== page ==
Introduction: In the framework of the Cognitive Microscope (MICO) project, we have set up a contest about mitosis detection in images of H and E stained slides of breast cancer for the conference ICPR 2012. Mitotic count is an important parameter for the prognosis of breast cancer. However, mitosis detection in digital histopathology is a challenging problem that needs a deeper study. Indeed, mitosis detection is difficult because mitosis are small objects with a large variety of shapes, and they can thus be easily confused with some other objects or artefacts present in the image. We added a further dimension to the contest by using two different slide scanners having different resolutions and producing red-green-blue (RGB) images, and a multi-spectral microscope producing images in 10 different spectral bands and 17 layers Z-stack. 17 teams participated in the study and the best team achieved a recall rate of 0.7 and precision of 0.89.
Context: Several studies on automatic tools to process digitized slides have been reported focusing mainly on nuclei or tubule detection. Mitosis detection is a challenging problem that has not yet been addressed well in the literature.
Aims: Mitotic count is an important parameter in breast cancer grading as it gives an evaluation of the aggressiveness of the tumor. However, consistency, reproducibility and agreement on mitotic count for the same slide can vary largely among pathologists. An automatic tool for this task may help for reaching a better consistency, and at the same time reducing the burden of this demanding task for the pathologists.
Subjects and methods: Professor Frιdιrique Capron team of the pathology department at Pitiι-Salpκtriθre Hospital in Paris, France, has selected a set of five slides of breast cancer. The slides are stained with H and E. They have been scanned by three different equipments: Aperio ScanScope XT slide scanner, Hamamatsu NanoZoomer 2.0-HT slide scanner and 10 bands multispectral microscope. The data set is made up of 50 high power fields (HPF) coming from 5 different slides scanned at ×40 magnification. There are 10 HPFs/slide. The pathologist has annotated all the mitotic cells manually. A HPF has a size of 512 μm × 512 μm (that is an area of 0.262 mm (2) , which is a surface equivalent to that of a microscope field diameter of 0.58 mm. These 50 HPFs contain a total of 326 mitotic cells on images of both scanners, and 322 mitotic cells on the multispectral microscope.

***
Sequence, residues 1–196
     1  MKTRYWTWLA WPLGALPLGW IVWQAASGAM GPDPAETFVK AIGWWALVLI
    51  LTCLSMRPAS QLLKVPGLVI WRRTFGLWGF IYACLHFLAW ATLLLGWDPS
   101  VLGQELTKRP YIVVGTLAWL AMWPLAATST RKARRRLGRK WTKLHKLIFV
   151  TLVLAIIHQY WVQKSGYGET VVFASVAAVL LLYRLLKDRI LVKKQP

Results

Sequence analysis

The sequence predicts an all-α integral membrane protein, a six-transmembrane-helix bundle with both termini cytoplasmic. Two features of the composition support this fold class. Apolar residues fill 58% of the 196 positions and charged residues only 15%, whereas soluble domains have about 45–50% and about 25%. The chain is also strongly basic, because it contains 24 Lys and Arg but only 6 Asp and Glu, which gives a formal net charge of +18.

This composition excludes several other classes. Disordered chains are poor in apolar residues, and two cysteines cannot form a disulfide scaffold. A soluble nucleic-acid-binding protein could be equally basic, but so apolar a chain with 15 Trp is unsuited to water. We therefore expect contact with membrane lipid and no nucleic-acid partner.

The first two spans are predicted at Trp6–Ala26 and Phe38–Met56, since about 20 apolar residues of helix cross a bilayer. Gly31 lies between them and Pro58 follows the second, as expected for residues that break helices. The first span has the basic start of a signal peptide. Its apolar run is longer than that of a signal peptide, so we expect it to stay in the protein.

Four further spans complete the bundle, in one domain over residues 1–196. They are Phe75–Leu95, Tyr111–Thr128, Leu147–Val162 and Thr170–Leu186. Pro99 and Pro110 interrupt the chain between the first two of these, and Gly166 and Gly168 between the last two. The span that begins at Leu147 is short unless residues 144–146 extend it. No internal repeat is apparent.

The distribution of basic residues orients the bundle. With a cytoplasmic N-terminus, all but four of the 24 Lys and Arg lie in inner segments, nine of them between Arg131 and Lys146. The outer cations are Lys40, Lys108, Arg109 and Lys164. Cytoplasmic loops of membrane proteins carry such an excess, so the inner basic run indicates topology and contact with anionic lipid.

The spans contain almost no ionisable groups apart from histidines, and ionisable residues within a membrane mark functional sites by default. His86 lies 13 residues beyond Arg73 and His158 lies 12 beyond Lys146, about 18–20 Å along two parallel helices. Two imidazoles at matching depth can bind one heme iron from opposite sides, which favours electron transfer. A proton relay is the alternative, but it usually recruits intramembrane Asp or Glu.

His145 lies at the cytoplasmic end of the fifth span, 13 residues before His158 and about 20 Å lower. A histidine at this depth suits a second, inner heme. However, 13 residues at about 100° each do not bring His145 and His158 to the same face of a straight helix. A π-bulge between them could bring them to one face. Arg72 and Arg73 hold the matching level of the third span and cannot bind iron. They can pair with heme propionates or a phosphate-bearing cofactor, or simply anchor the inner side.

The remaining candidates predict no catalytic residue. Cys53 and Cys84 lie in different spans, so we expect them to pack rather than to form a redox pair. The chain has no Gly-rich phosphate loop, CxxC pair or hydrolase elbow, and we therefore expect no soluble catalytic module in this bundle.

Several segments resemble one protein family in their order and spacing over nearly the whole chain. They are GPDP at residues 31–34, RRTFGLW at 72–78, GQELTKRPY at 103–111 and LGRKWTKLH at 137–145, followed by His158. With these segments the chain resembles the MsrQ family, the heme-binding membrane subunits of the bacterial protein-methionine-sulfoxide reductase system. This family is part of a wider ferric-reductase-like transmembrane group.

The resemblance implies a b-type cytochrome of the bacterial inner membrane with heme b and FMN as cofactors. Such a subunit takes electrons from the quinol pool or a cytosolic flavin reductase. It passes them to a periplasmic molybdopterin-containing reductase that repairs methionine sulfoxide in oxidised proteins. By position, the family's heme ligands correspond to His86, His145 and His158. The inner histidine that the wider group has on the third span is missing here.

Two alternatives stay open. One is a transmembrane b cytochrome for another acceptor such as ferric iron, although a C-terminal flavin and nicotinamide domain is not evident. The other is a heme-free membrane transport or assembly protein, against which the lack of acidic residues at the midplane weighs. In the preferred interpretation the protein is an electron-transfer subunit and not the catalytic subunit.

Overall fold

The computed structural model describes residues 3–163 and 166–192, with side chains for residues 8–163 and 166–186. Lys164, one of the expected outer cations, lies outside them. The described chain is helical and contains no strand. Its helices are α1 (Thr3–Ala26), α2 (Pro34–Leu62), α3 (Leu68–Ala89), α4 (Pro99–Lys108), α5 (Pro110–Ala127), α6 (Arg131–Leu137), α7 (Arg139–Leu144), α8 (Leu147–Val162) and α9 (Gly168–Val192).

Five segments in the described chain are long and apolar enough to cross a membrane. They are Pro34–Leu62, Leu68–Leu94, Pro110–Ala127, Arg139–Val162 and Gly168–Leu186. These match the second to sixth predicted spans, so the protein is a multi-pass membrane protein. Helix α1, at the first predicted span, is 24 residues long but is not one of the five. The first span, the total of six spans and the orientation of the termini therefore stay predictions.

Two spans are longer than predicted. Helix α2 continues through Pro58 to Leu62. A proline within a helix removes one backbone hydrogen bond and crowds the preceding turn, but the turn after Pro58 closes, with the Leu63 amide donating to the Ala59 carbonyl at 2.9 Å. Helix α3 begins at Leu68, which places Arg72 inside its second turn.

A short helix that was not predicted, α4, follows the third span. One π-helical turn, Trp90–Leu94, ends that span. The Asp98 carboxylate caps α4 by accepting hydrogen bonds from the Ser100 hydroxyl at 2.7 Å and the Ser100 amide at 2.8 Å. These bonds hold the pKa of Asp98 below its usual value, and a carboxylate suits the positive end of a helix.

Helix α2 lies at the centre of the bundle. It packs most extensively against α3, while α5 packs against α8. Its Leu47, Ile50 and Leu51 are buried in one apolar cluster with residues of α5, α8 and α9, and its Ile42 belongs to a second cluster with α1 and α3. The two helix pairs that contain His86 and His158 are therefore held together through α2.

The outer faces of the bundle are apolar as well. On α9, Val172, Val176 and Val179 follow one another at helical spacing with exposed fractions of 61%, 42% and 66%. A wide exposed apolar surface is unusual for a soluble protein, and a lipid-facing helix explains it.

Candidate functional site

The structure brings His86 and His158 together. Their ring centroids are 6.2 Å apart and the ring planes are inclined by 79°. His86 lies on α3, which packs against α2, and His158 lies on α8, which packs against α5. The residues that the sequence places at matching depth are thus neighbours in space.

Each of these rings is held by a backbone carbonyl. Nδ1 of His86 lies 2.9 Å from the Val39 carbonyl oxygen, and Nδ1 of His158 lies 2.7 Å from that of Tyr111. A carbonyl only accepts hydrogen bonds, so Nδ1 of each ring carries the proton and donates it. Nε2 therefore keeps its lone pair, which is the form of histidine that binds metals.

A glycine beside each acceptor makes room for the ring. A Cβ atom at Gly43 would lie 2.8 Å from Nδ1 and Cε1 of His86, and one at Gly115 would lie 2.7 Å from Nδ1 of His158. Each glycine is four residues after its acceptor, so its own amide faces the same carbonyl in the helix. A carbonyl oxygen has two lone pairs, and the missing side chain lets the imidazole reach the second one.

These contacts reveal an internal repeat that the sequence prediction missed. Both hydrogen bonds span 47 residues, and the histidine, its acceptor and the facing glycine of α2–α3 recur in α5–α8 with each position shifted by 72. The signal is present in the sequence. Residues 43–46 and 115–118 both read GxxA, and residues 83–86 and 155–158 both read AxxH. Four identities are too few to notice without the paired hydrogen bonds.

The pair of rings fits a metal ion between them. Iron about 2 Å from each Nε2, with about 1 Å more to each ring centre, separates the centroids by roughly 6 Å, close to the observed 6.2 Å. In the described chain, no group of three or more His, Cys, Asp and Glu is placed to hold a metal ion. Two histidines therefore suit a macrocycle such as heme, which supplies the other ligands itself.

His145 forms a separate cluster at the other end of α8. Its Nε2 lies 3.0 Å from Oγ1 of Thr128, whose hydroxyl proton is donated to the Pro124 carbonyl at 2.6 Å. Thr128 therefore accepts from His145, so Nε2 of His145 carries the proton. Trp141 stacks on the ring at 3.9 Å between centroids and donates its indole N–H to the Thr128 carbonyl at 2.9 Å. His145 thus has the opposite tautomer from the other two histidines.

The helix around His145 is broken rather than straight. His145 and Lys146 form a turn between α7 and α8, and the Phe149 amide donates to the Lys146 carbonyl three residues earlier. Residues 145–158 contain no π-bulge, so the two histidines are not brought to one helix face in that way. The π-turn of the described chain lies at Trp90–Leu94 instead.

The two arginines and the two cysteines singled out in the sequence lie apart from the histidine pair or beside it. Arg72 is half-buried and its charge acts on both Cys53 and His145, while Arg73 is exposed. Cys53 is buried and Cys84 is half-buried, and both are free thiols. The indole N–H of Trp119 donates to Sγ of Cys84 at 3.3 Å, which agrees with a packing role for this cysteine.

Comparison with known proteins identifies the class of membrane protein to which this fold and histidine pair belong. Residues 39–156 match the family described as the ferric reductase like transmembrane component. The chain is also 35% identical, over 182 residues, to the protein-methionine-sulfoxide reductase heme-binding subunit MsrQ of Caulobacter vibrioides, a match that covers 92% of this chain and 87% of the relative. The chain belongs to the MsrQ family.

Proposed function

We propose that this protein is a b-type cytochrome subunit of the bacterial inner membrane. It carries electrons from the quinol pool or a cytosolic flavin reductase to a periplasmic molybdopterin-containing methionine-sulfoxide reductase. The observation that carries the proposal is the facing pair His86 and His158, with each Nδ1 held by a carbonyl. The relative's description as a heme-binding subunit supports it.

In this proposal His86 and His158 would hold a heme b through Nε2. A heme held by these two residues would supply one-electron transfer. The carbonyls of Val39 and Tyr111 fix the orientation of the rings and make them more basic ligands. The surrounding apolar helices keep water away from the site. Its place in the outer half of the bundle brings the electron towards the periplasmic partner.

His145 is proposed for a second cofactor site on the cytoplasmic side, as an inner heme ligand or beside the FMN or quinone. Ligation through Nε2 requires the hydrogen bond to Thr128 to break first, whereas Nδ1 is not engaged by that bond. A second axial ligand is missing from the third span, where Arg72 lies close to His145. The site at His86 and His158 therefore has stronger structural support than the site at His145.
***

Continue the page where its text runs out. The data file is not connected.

Results: Up to 129 teams have registered to the contest. However, only 17 teams submitted their detection of mitotic cells. The performance of the best team is very promising, with F-measure as high as 0.78. However, the database we provided is by far too small for a good assessment of reliability and robustness of the proposed algorithms.
Conclusions: Mitotic count is an important criterion in the grading of many types of cancers, however, very little research has been made on automatic mitotic cell detection, mainly because of a lack of available data. A main objective of this contest was to propose a database of mitotic cells on digitized breast cancer histopathology slides to initiate works on automated mitotic cell detection. In the future, we would like to extend this database to have much more images from different patients and also for different types of cancers. In addition, mitotic cells should be annotated by several pathologists to reflect the partial agreement among them.
Keywords: Automated mitotic cell detection; H and E stained histological slides; breast cancer.